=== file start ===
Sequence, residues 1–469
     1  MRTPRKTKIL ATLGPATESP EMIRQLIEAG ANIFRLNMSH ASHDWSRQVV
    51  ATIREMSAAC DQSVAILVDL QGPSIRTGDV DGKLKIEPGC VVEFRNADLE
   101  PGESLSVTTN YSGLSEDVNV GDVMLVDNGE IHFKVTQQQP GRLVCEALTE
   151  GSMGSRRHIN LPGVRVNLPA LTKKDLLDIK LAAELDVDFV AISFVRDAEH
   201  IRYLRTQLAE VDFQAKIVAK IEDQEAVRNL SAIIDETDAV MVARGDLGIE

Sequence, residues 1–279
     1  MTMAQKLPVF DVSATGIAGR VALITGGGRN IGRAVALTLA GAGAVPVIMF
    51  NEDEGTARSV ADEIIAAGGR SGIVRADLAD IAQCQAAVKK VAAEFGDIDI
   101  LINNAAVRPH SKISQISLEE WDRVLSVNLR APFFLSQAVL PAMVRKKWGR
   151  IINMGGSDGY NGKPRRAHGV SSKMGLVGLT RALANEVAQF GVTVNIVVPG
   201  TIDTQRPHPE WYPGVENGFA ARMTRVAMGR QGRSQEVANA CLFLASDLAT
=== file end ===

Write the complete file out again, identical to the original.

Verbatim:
Sequence, residues 1–469
     1  MRTPRKTKIL ATLGPATESP EMIRQLIEAG ANIFRLNMSH ASHDWSRQVV
    51  ATIREMSAAC DQSVAILVDL QGPSIRTGDV DGKLKIEPGC VVEFRNADLE
   101  PGESLSVTTN YSGLSEDVNV GDVMLVDNGE IHFKVTQQQP GRLVCEALTE
   151  GSMGSRRHIN LPGVRVNLPA LTKKDLLDIK LAAELDVDFV AISFVRDAEH
   201  IRYLRTQLAE VDFQAKIVAK IEDQEAVRNL SAIIDETDAV MVARGDLGIE

Sequence, residues 1–279
     1  MTMAQKLPVF DVSATGIAGR VALITGGGRN IGRAVALTLA GAGAVPVIMF
    51  NEDEGTARSV ADEIIAAGGR SGIVRADLAD IAQCQAAVKK VAAEFGDIDI
   101  LINNAAVRPH SKISQISLEE WDRVLSVNLR APFFLSQAVL PAMVRKKWGR
   151  IINMGGSDGY NGKPRRAHGV SSKMGLVGLT RALANEVAQF GVTVNIVVPG
   201  TIDTQRPHPE WYPGVENGFA ARMTRVAMGR QGRSQEVANA CLFLASDLAT